Research in community-based organizations is becoming increasingly popular. One of the reasons for this is that there has been a shift in academia towards recognizing the important and unique contributions that community organizations can bring to the research process. Community-based research has emerged as an alternative way of doing research, integrating education and social action in order to improve health and reduce health inequalities.
Research evidence complements - but does not replace - the many other forms of data and knowledge which go into making decisions in community-based settings. Research evidence helps organizations like Options for Sexual Health in the planning and evaluation of programming and services and in ensuring that we are making the best decisions possible to improve the health of our clients.
Current research projects
Past research projects
The Applied Public Chair in Improving Youth Sexual Health is a five-year research program funded by the Canadian Institutes for Health Research. The Chair’s connections with public health providers (including Opt) and policy makers in BC and other parts of the world help facilitate the development and study of new public health interventions. The aim of the Chair is to:
- carry out and promote research that examines how social factors affect young people’s sexual health
- develop recommendations on how to improve policies and programs to address sexual health inequities
- provide training and mentoring opportunities for public health researchers, practitioners, policy makers, and youth through qualitative, quantitative and participatory research approaches
Access research publications.
Exploring the impact of socio-cultural and structural forces in Fort St. James, BC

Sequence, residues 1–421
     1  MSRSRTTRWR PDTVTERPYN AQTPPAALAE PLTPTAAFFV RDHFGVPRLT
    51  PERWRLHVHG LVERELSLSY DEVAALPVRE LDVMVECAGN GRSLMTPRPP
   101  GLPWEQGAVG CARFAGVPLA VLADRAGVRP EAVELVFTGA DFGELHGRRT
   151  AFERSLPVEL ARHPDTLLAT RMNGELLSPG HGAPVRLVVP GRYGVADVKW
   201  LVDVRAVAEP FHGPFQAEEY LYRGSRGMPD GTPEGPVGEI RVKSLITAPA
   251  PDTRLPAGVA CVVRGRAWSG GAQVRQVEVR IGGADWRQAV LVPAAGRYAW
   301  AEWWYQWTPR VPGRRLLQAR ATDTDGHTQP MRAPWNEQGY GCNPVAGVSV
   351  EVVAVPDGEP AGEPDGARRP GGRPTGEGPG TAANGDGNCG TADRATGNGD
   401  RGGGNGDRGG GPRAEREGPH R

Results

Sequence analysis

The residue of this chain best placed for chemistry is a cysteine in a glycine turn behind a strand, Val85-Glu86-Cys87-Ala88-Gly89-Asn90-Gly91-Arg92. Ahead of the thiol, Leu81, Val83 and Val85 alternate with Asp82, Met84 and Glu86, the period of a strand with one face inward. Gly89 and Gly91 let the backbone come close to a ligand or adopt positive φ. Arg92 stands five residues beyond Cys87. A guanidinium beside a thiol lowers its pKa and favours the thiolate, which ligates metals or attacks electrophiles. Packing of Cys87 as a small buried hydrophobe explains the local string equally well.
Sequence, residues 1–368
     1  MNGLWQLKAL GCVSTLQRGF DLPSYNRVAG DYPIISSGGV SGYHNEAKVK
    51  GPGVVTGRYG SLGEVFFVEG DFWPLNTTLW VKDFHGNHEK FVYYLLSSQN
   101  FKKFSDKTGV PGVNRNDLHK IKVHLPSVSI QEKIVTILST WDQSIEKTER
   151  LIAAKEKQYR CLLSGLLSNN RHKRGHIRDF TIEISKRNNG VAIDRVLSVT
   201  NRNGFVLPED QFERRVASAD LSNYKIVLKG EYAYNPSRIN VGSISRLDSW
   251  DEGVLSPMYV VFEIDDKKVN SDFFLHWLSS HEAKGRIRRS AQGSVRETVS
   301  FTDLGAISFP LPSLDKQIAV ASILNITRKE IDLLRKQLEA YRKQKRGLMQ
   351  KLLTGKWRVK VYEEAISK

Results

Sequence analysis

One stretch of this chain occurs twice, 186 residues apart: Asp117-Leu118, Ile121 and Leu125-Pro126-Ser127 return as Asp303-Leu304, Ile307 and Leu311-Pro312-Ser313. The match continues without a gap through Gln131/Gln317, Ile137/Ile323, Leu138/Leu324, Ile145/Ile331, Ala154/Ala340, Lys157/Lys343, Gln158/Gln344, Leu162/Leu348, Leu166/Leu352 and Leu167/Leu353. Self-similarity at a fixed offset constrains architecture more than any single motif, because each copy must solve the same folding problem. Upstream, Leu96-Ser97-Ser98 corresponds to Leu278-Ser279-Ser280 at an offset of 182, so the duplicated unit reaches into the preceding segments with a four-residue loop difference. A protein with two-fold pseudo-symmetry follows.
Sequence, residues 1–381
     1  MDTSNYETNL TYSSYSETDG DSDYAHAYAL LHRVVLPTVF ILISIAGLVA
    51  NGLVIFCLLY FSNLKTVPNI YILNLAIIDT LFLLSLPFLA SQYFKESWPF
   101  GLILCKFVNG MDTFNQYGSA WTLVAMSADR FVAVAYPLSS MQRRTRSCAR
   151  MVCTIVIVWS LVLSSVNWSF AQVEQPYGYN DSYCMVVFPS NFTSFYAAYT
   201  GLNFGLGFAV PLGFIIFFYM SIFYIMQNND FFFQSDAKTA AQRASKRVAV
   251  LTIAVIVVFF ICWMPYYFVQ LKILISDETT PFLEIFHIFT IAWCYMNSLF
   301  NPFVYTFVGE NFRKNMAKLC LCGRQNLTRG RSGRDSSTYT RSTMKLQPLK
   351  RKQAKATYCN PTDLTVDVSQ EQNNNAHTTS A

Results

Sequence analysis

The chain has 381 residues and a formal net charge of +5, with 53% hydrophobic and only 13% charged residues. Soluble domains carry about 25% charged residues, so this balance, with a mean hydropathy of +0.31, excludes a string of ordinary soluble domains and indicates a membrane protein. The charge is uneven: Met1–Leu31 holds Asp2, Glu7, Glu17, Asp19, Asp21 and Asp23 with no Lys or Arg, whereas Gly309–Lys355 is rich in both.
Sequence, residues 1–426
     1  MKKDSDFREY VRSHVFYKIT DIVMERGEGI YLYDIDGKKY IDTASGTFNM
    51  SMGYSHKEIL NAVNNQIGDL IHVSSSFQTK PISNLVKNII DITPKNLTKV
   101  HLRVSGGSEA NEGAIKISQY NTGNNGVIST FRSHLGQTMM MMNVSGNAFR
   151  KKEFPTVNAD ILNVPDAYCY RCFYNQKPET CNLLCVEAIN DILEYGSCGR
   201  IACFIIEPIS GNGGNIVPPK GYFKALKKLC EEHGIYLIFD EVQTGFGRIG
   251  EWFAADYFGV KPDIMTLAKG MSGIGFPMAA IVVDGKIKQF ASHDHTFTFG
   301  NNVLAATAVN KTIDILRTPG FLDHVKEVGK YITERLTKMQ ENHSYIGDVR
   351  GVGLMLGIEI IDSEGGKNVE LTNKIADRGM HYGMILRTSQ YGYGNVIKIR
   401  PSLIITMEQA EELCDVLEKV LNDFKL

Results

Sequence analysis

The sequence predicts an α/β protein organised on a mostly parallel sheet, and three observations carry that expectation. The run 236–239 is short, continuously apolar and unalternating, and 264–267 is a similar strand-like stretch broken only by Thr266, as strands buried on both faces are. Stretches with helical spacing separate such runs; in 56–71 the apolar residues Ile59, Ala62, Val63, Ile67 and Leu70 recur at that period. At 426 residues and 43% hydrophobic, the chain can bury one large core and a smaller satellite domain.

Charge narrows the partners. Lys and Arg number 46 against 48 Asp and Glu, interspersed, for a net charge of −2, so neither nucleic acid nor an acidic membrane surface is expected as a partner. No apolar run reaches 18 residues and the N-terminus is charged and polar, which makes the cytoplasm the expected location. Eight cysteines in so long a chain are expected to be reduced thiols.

Gender, place and culture help shape social interactions and structural conditions that put the sexual health of many youth at risk. Experiences with contraception are critical to young people's sexual health and warrant further investigation, especially as it appears that many northern youth may be facing barriers to accessing and using contraception effectively.
- Described youth's perspectives and experiences with accessing and using contraception, as well as perspectives of service providers;
- Investigated the ways in which socio-cultural factors (e.g., social norms, gender roles, culture ) and structural forces (e.g. health service delivery mechanisms, privacy, geographic location) affect local contraception services; and
- Developed recommendations to tailor and target contraception interventions intended for youth in northern British Columbia. This study was conducted in Fort St. James.
Principle investigator: Dr Judith Soon, UBC
The Canadian Sexual Health Indicators Survey meant to get at key measures that tell us about the sexual health of Canadians. According to the World Health Organization, sexual health is more than the absence of STIs or sexual problems. This survey included many other measures of sexual health, such as how people feel about the sexual part of their lives, sexual experiences, experiences of pleasure and satisfaction with sexual relationships, access to sexual health services and education, and more.
The Canadian Sexual Health Indicators Survey, a pilot study, was conducted in four provinces by the Public Health Agency of Canada in collaboration with researchers and community organizations in BC, Alberta, Quebec and Nova Scotia. The study collected information from approximately 1200 young people aged 16 to 24 in Spring 2010 at various sites.
Data collection for the survey is finished. A techical assessment of the survey tool has been completed, and a written report will available soon.
Download the project backgrounder